Charitable Deductions

Richard Streitfeld – Buddhist Mensch
 

Reprinted with permission of cartoonstock.com
Q: My body was frozen. Can it be a charitable contribution?
– Bed Williams, Baseball star
A: If philanthropist Andrew Canteloupe  buys your corpse, sells it at Sotheby’s and then donates the proceeds, sure–he can deduct his donation as long as he itemizes deductions(Schedule A) and the donation does not exceed 50% of his adjusted gross income. If it manages  to fetch $250 or more, he should hold onto the expected acknowledgement from the charity.
If you just donate the specimen as is, say to a baseball-affiliated non-profit, then you need a qualified appraisal if you are claiming $5,000 or more when you itemize.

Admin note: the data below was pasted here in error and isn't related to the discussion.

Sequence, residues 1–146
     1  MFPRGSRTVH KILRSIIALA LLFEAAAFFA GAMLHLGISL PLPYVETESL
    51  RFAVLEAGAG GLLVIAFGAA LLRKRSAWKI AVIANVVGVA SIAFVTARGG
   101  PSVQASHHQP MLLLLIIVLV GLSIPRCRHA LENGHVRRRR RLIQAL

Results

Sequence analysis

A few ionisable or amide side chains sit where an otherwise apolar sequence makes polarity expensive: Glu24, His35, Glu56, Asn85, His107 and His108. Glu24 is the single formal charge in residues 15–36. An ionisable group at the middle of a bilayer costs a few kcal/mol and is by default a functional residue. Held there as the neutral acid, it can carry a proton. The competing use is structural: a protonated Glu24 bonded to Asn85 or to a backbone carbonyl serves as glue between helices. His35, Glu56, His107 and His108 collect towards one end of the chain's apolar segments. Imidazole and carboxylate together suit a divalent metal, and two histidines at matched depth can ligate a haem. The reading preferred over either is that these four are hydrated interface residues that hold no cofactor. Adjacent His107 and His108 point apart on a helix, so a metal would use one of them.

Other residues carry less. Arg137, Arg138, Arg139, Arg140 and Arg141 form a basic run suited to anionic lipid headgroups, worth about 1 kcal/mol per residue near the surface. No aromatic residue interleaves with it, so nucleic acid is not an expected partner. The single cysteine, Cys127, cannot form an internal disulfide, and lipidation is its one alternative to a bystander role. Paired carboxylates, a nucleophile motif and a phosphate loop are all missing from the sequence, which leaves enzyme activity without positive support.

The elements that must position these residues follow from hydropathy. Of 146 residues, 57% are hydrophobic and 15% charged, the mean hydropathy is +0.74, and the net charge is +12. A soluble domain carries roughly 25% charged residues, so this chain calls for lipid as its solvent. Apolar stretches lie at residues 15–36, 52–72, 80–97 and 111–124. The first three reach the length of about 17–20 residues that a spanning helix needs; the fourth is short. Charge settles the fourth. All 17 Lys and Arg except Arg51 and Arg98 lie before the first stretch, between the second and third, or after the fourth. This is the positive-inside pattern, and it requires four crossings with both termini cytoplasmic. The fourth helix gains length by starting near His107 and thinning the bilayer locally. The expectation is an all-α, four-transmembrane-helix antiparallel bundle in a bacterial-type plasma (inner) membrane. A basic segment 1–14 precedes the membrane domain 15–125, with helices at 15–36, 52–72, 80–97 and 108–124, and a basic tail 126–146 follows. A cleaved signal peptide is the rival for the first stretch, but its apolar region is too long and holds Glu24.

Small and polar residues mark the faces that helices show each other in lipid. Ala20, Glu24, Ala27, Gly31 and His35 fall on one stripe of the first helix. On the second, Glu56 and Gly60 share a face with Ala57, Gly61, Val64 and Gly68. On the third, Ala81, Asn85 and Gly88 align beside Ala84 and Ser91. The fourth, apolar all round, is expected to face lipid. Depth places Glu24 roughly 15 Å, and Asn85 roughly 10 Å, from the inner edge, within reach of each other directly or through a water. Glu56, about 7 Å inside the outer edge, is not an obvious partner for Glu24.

Q: I run errands for my church and sponsor barbecue luncheons.What’s deductible?
– Joan Ark, France
A: Joanie can deduct .14 (!) per mile for the services she uses her car to provide, plus out of pocket costs like steaks and firewood for the luncheon.  Her (eternal) volunteer time is notdeductible.

Q: We donate a gazillion trillion dollars to
political candidates. Not deductible???
– The Coke Sisters
A: No, political donations at any level are not deductible. Legal forms of purchasing candidates abound.

Q: I had this foster kid named ET for a few years. Got stipend from state, but did not cover all of our expenses. Possible?
– Steven Shpeelberg, Hollywood

A: You may deduct the documented excess as a charitable contribution.

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